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2020 Year In Review - Pandemic And Scandals Didn't Keep Ohio Lawmakers From Passing Some Key Bills

The pandemic slowed down work at the Statehouse in 2020. But lawmakers did pass bills that make it easier for Ohioans to get health care, make it easier for local communities to get money to fund programs and make it more difficult to get an abortion. Here are some of the major pieces of legislation that were passed and signed into law.

Perhaps the biggest bill Ohio lawmakers passed in 2020 was  a $1.3 billion measure funding capital projectsand providing $350 million in federal CARES Act funding for improvements for schools and public entities in the wake of the coronavirus epidemic.  

In September, they also passed legislation that protected schools and businesses from being sued because of the transmission of coronavirus. 

Gov. Mike DeWine said the legislation does two key things. 

“We believe we can do two things at once. One is to fight the COVID, the virus and keep people safe but at the same time we know that we have to have the economy coming back. And we are making some progress in that area,” DeWine said.

Some lawmakersand Ohioans took issuewith DeWine's response to the pandemic, sparking protests at the Statehouse in the spring and summer. 

Credit Protestors at Ohio Statehouse / Karen Kasler
Karen Kasler

They claimed DeWine was killing Ohio’s economy.And some said he was picking winners and losers by allowing large retailers to stay open as essential while ordering shutdowns of some small "mom and pop" businesses that sold some of the same items. 

Republicans pushed a bill to strip DeWine of having that powerto close businesses but he vetoed it. Ohio lawmakers talked about trying to override it, but Republican Senate President Larry Obhof saidthey instead included that part about business equity in Sub House Bill 609, an appropriations bill passed during Lame Duck. 

“So that you can’t have the situation we saw last spring where small businesses close or get heavily regulated while larger ones, since they are deemed essential, get to stay open," Obhof said.

At the onset of the pandemic, businesses were allowed to serve alcoholic drinks with to-go meals. That became permanent this fall. Rep. DJ Swearingen (R-Huron) quoted the Rolling Stones when arguing for the bill allowing up to three carryout drinks per meal in sealed or covered containers.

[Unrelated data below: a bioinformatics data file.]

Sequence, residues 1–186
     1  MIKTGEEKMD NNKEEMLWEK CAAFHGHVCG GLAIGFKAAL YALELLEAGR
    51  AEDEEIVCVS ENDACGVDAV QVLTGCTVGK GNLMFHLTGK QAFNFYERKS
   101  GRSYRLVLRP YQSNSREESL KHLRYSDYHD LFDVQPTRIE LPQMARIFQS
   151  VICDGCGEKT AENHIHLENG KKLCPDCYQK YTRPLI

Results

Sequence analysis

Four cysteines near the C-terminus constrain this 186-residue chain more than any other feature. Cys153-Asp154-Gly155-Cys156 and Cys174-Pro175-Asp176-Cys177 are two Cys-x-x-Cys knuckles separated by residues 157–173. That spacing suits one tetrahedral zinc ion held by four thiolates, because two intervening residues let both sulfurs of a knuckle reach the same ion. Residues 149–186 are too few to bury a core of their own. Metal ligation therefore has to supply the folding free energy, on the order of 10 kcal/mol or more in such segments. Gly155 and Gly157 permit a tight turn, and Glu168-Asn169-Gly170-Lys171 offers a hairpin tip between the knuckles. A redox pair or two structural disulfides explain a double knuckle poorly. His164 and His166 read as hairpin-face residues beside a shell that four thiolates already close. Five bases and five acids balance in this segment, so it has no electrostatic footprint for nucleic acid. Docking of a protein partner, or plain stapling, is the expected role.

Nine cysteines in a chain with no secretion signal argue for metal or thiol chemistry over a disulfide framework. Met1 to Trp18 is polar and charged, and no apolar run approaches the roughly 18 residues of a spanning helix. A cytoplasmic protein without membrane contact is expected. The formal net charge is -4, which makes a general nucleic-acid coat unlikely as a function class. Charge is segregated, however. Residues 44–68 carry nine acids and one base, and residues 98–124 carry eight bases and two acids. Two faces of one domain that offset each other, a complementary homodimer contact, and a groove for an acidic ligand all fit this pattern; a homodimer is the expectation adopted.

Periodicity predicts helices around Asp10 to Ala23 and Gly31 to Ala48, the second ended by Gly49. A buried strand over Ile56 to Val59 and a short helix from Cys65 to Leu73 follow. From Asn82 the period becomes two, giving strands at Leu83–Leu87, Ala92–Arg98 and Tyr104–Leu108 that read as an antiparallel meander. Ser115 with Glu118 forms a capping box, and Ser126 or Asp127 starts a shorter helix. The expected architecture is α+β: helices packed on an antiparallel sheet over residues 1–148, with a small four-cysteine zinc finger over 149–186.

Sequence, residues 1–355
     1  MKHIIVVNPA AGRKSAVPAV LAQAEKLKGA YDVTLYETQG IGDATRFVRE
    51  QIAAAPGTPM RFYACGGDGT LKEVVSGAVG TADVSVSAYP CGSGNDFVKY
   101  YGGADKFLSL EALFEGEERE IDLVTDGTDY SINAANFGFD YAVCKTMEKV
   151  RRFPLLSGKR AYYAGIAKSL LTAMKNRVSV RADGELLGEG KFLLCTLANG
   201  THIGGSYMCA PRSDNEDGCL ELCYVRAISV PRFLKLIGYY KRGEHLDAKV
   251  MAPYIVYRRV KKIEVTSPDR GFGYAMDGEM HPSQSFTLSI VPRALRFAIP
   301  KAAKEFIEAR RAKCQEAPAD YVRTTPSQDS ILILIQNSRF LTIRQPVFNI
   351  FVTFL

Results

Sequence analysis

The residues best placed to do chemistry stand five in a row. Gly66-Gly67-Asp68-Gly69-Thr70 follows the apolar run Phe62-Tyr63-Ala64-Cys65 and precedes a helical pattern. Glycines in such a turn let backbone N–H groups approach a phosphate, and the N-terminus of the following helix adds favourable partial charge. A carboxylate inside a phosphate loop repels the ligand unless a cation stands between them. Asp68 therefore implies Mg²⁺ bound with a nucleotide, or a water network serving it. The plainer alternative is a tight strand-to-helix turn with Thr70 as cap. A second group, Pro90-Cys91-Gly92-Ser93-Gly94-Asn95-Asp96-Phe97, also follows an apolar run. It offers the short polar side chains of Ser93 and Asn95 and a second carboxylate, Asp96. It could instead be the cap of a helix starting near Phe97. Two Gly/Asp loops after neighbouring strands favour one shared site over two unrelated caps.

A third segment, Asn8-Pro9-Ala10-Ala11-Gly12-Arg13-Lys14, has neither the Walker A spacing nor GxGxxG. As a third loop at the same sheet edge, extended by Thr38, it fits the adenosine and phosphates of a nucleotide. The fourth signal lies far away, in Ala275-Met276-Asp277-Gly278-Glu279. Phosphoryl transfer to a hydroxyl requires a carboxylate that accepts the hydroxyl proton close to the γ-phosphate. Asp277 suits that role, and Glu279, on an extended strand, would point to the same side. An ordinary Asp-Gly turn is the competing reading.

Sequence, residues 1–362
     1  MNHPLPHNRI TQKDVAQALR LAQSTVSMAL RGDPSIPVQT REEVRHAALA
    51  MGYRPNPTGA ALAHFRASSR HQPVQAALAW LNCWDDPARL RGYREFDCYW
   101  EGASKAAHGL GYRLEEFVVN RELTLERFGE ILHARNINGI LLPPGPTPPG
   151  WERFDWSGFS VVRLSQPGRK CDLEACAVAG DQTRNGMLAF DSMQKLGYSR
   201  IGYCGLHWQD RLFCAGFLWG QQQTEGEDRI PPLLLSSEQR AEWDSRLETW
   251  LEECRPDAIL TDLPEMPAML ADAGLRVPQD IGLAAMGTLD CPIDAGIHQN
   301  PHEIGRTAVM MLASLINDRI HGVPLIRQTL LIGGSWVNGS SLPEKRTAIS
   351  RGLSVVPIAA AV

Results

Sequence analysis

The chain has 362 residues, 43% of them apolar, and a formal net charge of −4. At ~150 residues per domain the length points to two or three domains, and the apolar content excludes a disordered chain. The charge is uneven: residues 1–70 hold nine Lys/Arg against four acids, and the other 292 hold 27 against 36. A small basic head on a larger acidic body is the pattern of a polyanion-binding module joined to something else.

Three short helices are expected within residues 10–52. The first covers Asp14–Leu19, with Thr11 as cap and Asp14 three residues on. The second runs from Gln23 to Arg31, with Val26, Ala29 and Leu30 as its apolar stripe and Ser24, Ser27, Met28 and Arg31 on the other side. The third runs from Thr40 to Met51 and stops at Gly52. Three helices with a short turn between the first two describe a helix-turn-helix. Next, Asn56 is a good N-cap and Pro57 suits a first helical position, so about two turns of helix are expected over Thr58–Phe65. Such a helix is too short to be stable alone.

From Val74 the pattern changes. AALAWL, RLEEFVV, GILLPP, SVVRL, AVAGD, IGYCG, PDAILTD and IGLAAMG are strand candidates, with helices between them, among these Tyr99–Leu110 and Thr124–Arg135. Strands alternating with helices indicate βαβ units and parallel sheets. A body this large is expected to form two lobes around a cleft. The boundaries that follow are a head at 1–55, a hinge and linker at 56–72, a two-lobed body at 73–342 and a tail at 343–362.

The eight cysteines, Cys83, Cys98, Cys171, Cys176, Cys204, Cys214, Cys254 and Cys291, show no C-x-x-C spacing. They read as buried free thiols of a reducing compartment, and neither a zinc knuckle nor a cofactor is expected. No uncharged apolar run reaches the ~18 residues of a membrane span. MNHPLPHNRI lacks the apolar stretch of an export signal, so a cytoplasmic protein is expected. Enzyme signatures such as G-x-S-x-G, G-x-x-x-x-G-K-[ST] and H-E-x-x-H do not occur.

“You can’t always get what you want but if you try sometimes you get what you need and Ohio’s bar and restaurant owners need this bill," Swearingen said on the House floor before lawmakers passed the bill.

Alcoholic ice cream also became legal in Ohio this year.  

But this was a challenging year for some lawmakers. 

Several memberson both sides of the aislein both chambers tested positive for COVID - Democratic Reps. John Patterson (D-Ashtabula) and John Rogers (D-Mentor on the Lake) were hospitalized.

And House members had to take time out in the summer to replace Republican Larry Householder (R-Glenford)as speakerafter he was charged with several federal felonies, including bribery and racketeering.

But before the two-year session ended in December, lawmakers tackled a perennial favorite of Republicans - abortion bills. One prevents doctors from using telemedicine to prescribe medication that causes abortion. Another requires fetal remains from surgical abortions to be buried or cremated

Rep. Erica Crawley (D-Columbus)
Credit OhioChannel
Rep. Erica Crawley (D-Columbus)

Democratic Rep Erica Crawley (D-Columbus) called her Republican colleagues who voted to pass that one hypocrite because they aren’t passing proposed legislation that would deal with infant and maternal mortality. 

“It is unacceptable that this General Assembly, the members in this House and Chamber, will continue to talk about the dignity of life but allow women to continue to die," Crawley said.

But lawmakers also passed a bill that would stop surprise medical bills from out of network providers. Ohio Association of Health Plans President Kelly O’Reilly said this will help one in six Ohioans who get bills with expensive out of network charges. 

“And most can’t afford to pay them. It’s unexpected and many times or sometimes, a very high cost," O;Reilly said.

That bill will be important to many Ohioans because many hospitals are closing the year at or near capacity due to COVID-19 patients.  

Copyright 2021 The Statehouse News Bureau. To see more, visit The Statehouse News Bureau.

Jo Ingles is a professional journalist who covers politics and Ohio government for the Ohio Public Radio and Television for the Ohio Public Radio and Television Statehouse News Bureau. She reports on issues of importance to Ohioans including education, legislation, politics, and life and death issues such as capital punishment.